McKinley in 2000

In Reports from Green Lake by Brady Carlson0 Comments

Are you a Republican who won’t vote for George Dubya? MOP-UP has the answer!

We’ve got a booming economy, peace in Kosovo and crime is way, way down. If it holds up for another 12 months, Al Gore will be the next president of the United States, period.

This obviously doesn’t please Republicans, who went through this “if it ain’t broke, don’t fix it” election loss with Bob Dole in 1996. Regardless of circumstances, a great candidate can turn things around for the GOP. But do they have one? Frontrunner George W. Bush has no announced policies, and the other contenders- Elizabeth Dole, Steve Forbes and Dan Quayle- don’t offer much more info themselves.

That’s why a handful of diehard Green Lake Republicans are offering an alternative Republican candidate for the upcoming election: former president William McKinley.

“McKinley’s a brilliant choice,” says Jo Ann Woolitt, founder of MOP-UP (McKinley’s our President, U Poops!). “He’s already got five years of White House experience, he’s never lost a Presidential election, and best of all, he’s got no political favors to pay back. He’s the perfect ‘outsider’ candidate.”

A McKinley bid may be what the Republicans need to unseat Gore, the keeper of the Clinton legacy. But even though early numbers suggest that McKinley could win, the task is not without its difficulties. For one thing, McKinley hasn’t said if he would run or not. Woolitt waves this off, saying “He’ll run. If we draft him, he won’t say no. He’s that type of candidate.” Also, McKinley was shot in 1901 by a crazed anarchist, which brings up two possible problems, his being dead and, consequently, his possible reluctance to return to public life. Woolitt’s thoughts? “I don’t really think it [being dead] will be a factor. Our polls show that McKinley’s charisma as a speaker and candidate is still higher than Al Gore’s even though he’s dead.” MOP-UP has formed an exploratory committee on McKinley’s behalf, and have begun the obligatory petition drive to secure his name on primary ballots this coming March.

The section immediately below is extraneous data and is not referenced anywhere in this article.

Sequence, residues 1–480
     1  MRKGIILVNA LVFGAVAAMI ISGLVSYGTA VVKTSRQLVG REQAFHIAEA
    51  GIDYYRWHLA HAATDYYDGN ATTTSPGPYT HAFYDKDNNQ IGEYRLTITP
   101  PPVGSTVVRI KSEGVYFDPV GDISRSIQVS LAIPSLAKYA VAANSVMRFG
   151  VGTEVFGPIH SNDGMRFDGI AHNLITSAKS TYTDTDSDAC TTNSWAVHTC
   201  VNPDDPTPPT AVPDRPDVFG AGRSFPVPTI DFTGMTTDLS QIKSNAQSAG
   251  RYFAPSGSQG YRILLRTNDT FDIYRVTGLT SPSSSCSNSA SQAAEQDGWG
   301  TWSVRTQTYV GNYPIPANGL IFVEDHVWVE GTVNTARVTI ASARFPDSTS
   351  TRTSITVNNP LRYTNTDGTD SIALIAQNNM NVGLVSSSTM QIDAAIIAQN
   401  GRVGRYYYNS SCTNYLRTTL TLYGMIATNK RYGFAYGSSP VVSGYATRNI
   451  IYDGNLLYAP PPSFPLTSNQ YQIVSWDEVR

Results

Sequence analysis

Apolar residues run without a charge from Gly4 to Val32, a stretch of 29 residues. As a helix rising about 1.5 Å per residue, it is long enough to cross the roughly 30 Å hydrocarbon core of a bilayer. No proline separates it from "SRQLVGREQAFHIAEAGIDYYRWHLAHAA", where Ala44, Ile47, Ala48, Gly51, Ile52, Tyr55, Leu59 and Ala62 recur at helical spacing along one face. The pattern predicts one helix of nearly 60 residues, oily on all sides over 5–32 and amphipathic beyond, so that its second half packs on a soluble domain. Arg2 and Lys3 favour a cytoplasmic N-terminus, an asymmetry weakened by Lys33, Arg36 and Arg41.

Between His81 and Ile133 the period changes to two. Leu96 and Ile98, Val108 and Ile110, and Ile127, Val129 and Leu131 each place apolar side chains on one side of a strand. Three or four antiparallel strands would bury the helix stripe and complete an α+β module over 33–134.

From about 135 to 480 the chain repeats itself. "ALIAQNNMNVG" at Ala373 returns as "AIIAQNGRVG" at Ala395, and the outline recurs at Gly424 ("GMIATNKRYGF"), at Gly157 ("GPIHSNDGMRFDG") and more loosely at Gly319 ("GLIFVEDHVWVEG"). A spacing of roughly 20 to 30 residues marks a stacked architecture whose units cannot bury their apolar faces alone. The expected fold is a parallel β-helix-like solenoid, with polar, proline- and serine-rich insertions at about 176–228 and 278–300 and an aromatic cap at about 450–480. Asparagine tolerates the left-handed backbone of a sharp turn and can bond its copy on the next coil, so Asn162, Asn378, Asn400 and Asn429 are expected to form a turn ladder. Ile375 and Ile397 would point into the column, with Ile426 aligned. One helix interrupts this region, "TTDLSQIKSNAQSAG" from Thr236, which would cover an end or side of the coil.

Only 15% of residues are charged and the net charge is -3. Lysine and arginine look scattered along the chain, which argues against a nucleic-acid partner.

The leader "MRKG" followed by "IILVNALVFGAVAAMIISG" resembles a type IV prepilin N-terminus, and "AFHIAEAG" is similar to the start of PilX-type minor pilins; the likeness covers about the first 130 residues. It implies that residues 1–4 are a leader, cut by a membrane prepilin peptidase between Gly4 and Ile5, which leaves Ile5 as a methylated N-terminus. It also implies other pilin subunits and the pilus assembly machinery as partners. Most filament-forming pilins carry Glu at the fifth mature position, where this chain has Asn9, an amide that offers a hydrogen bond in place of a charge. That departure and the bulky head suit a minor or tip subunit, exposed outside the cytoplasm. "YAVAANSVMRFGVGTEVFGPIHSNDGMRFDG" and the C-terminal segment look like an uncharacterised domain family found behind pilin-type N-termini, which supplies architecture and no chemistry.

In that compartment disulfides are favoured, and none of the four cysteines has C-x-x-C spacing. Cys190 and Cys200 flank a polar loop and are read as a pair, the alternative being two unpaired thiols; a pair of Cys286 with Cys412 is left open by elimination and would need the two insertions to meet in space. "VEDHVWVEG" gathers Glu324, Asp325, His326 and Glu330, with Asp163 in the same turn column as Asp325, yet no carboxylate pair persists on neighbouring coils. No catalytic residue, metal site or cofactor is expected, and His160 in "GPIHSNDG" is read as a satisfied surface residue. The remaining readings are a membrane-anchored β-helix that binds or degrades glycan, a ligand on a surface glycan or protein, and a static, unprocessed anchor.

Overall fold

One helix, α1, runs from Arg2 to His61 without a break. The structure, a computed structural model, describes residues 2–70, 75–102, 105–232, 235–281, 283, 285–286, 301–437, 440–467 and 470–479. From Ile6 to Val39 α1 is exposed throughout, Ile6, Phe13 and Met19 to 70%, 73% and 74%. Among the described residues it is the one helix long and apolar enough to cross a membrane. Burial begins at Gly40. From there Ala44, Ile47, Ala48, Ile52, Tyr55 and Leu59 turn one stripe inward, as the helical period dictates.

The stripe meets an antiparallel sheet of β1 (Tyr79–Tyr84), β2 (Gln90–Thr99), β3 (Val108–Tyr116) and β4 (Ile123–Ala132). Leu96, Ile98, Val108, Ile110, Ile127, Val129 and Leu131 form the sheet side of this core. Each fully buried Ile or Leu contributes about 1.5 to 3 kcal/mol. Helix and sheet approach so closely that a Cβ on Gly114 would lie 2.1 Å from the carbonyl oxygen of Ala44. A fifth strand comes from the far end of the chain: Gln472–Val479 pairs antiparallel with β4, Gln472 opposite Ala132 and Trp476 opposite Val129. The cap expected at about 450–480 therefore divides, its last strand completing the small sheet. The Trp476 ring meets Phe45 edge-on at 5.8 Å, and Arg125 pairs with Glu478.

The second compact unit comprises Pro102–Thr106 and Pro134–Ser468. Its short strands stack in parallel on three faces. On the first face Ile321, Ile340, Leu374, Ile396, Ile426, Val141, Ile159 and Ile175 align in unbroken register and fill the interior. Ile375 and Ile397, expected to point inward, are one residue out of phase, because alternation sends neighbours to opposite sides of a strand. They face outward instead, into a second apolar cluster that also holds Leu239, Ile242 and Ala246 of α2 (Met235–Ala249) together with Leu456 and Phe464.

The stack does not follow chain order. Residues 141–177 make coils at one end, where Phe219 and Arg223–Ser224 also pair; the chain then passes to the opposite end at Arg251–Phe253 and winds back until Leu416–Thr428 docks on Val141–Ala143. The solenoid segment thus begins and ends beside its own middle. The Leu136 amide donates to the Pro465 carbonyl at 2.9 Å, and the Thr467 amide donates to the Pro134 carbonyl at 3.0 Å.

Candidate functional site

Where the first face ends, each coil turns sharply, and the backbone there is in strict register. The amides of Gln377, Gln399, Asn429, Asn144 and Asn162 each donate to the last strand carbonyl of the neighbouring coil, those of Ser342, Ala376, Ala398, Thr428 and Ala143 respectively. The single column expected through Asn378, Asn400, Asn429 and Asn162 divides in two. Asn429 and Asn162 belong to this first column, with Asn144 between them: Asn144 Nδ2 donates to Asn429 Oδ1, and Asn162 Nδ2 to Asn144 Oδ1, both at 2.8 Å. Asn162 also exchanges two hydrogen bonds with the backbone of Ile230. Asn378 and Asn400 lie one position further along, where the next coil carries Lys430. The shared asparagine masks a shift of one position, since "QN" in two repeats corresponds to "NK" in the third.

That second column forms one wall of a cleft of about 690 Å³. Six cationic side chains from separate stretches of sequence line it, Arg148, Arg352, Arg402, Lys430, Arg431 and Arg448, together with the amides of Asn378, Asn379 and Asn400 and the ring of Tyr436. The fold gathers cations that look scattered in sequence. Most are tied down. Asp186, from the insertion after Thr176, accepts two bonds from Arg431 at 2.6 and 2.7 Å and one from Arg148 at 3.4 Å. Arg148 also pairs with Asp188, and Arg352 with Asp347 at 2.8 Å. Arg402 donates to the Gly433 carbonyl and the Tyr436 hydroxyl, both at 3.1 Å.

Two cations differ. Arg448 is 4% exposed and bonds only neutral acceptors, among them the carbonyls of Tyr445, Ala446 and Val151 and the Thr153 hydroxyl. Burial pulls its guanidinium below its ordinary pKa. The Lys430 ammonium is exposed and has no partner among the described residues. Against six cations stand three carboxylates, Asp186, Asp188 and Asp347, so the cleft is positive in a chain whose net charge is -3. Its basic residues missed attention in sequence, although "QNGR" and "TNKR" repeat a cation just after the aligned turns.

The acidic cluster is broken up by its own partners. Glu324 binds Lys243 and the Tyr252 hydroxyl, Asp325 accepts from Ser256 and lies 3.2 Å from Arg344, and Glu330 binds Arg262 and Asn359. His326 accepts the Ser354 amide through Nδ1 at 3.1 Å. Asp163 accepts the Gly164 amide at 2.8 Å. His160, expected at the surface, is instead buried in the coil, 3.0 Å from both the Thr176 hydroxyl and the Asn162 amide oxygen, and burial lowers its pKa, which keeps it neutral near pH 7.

Mainstream Republicans were quick to dismiss the McKinley issue when it was first proposed, but their protests come less often as Woolitt and MOP-UP gain credibility. Trent Lott, who once told reporters “I think she [Woolitt] needs to be bathed in raw sewage” told our sources last week that “McKinley could very well be an asset to our party in the coming election.” Candidates Bush and Dole both issued press releases saying that it was time to look to the future, not to the past, but neither have mentioned McKinley in recent weeks, trying to avoid bringing any further media attention to the 25th president.

Democrats are confronted by the McKinley factor as well, and are trying to walk a tightrope between matching (if not outdoing) the Republicans at their own game and propping up the Gore campaign. Some party moderates are endorsing Martin Van Buren and Grover Cleveland, stand-up party men (or should that be “propped up”?), as possible Gore running mates, but not without opposition. “What the #$@# is with all these dead people these days?” said one Democratic Senator who wished to remain anonymous. “As if there weren’t enough stuffy old guys in Washington. I see Daniel Patrick Moynihan’s office every day, I feel like I should bow my head when I walk by!”

Much can happen before the primaries kick off, and the fate of the McKinley-2000 project remains to be seen. But life adds a bizarre footnote to every news story: the biggest winners in all this talk, regardless of party, are the makers of the Weekend at Bernie’s movies, who find that their vision for a new relationship between the living and the dead is finally becoming real. Writer Robert Klane told Associated Press that “Bernie’s… wasn’t just entertainment, it was a political statement. Now we know how da Vinci felt when we finally used his ideas and made helicopters.” Political death, apparently, has taken on a new life in American politics.

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